SAVE THE DATE
Lunder Institute Research Symposium: Art by African Americans
Lunder Institute for American Art, Colby College Museum of Art, Waterville, Maine
March 12-13, 2020
The Lunder Institute is organizing a research symposium in conjunction with its inaugural Research Fellows Program focused on art by African Americans. To kick off this free public event, on the evening of Thursday, March 12, the Lunder Institute and the Colby Museum will host a conversation between renowned artist David C. Driskell and Curlee R. Holton of the David C. Driskell Center for the Study of the Visual Arts and Culture of African Americans and the African Diaspora at the University of Maryland, College Park. Presentations by the Lunder Institute Research Fellows, invited speakers, and members of the Colby community will take place throughout the day on Friday, March 13. Fellows will share their research on selected artworks at the Colby Museum, connecting it to important questions in the field regarding African American artists. A roundtable featuring leading academics and curators will comment on the current state and parameters of African American art history and reflect on how and why art by African Americans has been distinguished from the broader field of American art.
Confirmed speakers include:
Anna Arabindan-Kesson, Princeton University
Adrienne L. Childs, Harvard University
Tuliza Fleming, National Museum of African American History and Culture
Melanee Harvey, Howard University
Key Jo Lee, Cleveland Museum of Art
Tess Korobkin, University of Maryland, College Park
John Ott, James Madison University
James Smalls, University of Maryland, Baltimore County
Diana Tuite, Colby College Museum of Art
Rebecca VanDiver, Vanderbilt University
Additional details to come in early 2020.
Beginning in September 2019, the Lunder Institute for American Art will host annually a Distinguished Scholar and a group of Research Fellows at varying stages of their careers to pursue original scholarship around a topic of particular concern to the field of American art. As the Lunder Institute Distinguished Scholar and Director of Research, Tanya Sheehan (William R. Kenan Jr. Professor of Art, Colby College) is overseeing the inaugural program in 2019-2020, which will focus on work by African American artists of the 19th and 20th centuries. Research Fellows include Anna Arabindan-Kesson (Assistant Professor, Princeton University), Adrienne L. Childs (Research Associate, Hutchins Center for African and African American Research, Harvard University), Tess Korobkin (Assistant Professor, University of Maryland, College Park), Key Jo Lee (Assistant Director of Academic Outreach, Cleveland Museum of Art), John Ott (Professor, James Madison University), and Rebecca VanDiver (Assistant Professor, Vanderbilt University). The Research Fellows program aims to deepen original research into works of art in the Colby College Museum of Art and expand the community of scholars engaged with the collection.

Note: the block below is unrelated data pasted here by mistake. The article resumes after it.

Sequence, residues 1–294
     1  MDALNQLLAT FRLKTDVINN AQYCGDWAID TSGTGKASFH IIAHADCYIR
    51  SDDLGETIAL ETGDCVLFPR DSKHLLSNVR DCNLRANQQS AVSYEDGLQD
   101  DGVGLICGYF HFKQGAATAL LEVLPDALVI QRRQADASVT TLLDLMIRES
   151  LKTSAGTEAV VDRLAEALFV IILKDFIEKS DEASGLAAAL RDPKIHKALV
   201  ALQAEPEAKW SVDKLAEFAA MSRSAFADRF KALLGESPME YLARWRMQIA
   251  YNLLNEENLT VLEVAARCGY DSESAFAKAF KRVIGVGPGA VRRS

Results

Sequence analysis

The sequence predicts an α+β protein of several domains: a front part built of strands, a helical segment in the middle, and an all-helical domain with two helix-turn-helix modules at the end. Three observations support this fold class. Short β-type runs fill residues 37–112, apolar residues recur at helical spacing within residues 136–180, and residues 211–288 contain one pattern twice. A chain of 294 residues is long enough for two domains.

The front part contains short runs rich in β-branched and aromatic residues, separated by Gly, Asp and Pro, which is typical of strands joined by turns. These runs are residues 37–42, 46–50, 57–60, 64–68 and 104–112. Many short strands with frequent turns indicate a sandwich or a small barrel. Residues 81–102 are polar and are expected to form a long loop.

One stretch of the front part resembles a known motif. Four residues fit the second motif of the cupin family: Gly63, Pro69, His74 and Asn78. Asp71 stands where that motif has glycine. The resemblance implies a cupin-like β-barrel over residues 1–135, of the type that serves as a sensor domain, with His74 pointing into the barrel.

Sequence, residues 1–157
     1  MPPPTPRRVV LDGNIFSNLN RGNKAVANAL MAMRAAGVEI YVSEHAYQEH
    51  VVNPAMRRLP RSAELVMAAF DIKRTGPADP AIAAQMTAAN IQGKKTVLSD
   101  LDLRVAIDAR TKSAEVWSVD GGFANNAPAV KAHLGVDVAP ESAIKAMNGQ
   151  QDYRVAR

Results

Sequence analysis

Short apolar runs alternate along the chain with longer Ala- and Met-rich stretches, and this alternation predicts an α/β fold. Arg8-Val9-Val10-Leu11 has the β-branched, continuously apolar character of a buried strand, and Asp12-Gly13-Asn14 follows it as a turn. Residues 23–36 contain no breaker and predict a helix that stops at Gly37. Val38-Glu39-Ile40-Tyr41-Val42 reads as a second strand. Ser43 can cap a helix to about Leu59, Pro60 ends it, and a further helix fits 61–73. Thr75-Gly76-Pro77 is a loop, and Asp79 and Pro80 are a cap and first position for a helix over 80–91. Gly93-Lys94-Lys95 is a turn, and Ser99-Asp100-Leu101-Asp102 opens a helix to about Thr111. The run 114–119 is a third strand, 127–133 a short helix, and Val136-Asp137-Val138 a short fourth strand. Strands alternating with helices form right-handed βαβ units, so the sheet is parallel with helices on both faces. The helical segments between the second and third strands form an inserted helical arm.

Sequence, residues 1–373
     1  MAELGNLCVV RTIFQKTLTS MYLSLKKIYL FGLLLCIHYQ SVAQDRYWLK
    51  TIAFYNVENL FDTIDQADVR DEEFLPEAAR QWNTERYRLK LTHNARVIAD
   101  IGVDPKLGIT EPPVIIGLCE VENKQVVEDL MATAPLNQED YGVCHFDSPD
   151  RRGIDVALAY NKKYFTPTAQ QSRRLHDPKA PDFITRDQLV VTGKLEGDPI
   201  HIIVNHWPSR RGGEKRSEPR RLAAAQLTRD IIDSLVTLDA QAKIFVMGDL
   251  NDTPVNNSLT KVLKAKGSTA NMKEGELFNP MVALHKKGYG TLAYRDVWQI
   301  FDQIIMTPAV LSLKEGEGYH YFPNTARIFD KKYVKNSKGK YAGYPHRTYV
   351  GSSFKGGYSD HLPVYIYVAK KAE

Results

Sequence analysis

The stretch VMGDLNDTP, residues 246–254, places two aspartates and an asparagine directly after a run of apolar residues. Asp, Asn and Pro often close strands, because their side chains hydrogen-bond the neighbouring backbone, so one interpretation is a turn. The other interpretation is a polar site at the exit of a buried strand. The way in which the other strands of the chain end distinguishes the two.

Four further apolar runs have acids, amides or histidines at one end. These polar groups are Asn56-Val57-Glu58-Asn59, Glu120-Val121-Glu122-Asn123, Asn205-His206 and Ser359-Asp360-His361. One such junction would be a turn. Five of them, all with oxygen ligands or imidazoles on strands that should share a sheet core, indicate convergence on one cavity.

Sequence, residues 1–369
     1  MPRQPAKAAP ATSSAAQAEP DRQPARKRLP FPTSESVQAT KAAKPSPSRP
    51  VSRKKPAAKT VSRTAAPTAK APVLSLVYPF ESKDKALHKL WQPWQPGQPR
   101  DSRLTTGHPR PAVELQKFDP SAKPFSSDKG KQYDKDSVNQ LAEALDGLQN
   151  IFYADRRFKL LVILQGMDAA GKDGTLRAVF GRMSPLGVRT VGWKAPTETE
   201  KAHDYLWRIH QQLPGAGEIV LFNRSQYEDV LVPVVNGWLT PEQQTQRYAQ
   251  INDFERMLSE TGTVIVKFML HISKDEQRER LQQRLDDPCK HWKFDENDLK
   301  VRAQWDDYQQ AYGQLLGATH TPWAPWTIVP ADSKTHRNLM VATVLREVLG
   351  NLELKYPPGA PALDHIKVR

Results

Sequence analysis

The Research Fellows will put their current research into conversation with artworks in the Museum’s collection by landscape painter Edward Mitchell Bannister (1828-1901), multimedia artist Romare Bearden (1911-1988), figurative painter Bob Thompson (1937-1966) around whom the Museum is organizing a major exhibition in 2021, and contemporary artist-scholar David C. Driskell (b. 1931). Two additional artworks—an abstract painting by Norman Lewis (1909-1979) and a sculpture by Marion Perkins (1908-1961)—have been loaned to the Museum from the Harmon and Harriet Kelley Collection of African American Art based in Austin, Texas. The Fellows’ research will develop throughout the academic year, assisted by four Colby students: Katie Herzig ’20, Olivia Hochstadt ’21, Jane MacKerron ’20, and Carter Wynne ’20.
The group convened on Colby’s campus November 13-16 to study their selected artworks, and meet with area artists and curators to enhance their research. They also participated in high-level discussions on the state and parameters of the field we call African American art history; what constitutes its canon at this moment; and how and why academic scholars, curators, and artists distinguish art by African Americans from the broader field of American art. The Fellows will return to campus in March 2020 to share their research in a public symposium (March 13) and discuss future outcomes for their work. On the evening of March 12, the Lunder Institute and the Museum will host a conversation between David C. Driskell and Curlee R. Holton of the David C. Driskell Center for the Study of the Visual Arts and Culture of African Americans and the African Diaspora at the University of Maryland, College Park.